"On the computer, of course," she told me. "I edit every sentence as I go." She shook her head. "I haven't made it past chapter seven."

Over the years since, I've spoken to other writers who literally hate to read their work. They want someone else to do the deed and tell them what to fix. Totally understandable. A client emailed me this week about how she "can't see anything anymore; it all looks like mush." We do get blind to our book's strengths and weaknesses. We've been studying the leaves so long we forget how the forest should look.

Friday, March 19, 2021

Revising for Meaning--Beyond the Basic Revision Checklist

With the long winter wrapping up, it seems many of us are also wrapping up book projects.

I'm hearing from quite a few writers in revision. Behind progress reports and exhaustion lies the usual self-doubt: Are we there yet?

And more importantly, How do I tell?

Friday, March 12, 2021

Making Your Scenes Rock--Seven Tips for Stronger Scenes

One of my favorite writing-craft guides, often recommended to writers who want to hone their scenes in fiction and memoir, is The Scene Book by Sandra Scofield.

Not all writers know how to write scenes, truthfully. Neither did I, for many years. My scenes began as "islands," or unorganized snippets of writing that kinda felt like what a scene should be. They were a far cry from what I learned as I studied scene-making. Scenes are the backbone of a book, at least in the fiction and memoir genres. I knew my scenes had to move the story along, had to take place onstage in front of us versus in the character or narrator's head. But other than those two rules, I had no guidelines for how to write them.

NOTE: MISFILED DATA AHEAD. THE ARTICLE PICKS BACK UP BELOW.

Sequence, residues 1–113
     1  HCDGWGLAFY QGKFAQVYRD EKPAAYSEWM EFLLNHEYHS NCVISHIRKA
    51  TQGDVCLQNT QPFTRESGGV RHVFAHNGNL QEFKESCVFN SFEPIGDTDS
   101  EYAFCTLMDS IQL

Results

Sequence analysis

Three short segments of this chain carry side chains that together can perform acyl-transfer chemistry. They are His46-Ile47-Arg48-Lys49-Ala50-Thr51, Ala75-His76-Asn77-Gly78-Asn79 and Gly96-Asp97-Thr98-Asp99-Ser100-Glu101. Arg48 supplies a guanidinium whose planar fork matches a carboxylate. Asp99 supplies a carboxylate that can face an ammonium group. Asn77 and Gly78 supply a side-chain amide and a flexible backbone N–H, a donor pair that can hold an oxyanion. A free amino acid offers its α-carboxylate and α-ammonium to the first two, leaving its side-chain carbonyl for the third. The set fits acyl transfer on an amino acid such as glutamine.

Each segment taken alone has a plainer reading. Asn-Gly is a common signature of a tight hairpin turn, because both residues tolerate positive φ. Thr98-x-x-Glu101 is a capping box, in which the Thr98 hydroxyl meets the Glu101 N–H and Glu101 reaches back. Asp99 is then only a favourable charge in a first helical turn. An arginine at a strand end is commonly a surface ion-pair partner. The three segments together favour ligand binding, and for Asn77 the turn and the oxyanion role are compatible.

Friday, March 5, 2021

Learning New Tricks from Published Writers--What Advice to Make Your Own?

I learned early in my writing career that just because a writer was brilliant--well reviewed, published, and capable on the page--that didn't mean they were the best teacher. Or even a reliable dispenser of advice I could use. The lesson came hard.

I'd signed up for a weeklong class with a short-story writer I admired intensely. His story ideas were amazing, his execution of them even more so. I anticipated the workshop for months, rereading his work and listing questions to ask. I wanted to get the most from the week.

Friday, February 26, 2021

Summary Tells, Scene Shows--How to Use Each in Fiction and Memoir

I've been thinking a lot this week about the ways we tell stories. Some writers come from a background of oral storytelling, as in gathering round the fire and relating tales. A tradition of vocal rhythm, handed down from culture or place or heritage, crafts their stories almost unconsciously.
Stories are something told, not necessarily something shown.

There's much beauty in this. Much to value.

Friday, February 19, 2021

Dealing with Rejection Close to Home: When Family and Friends React to Your Writing

A reader sent me a poignant email a few months ago. She's writing a memoir and happened to show segments to her family--for all the best reasons. She wanted her sister and brother to verify facts from their turbulent childhood. She wanted them to validate what she remembered. And she, naturally, wanted their support as she went forward with the book.

It's a hard story to write, and support would be so very welcome. But instead of confirming her memories, this writer's siblings reacted strongly against them, horrified that she'd open the vault of family secrets.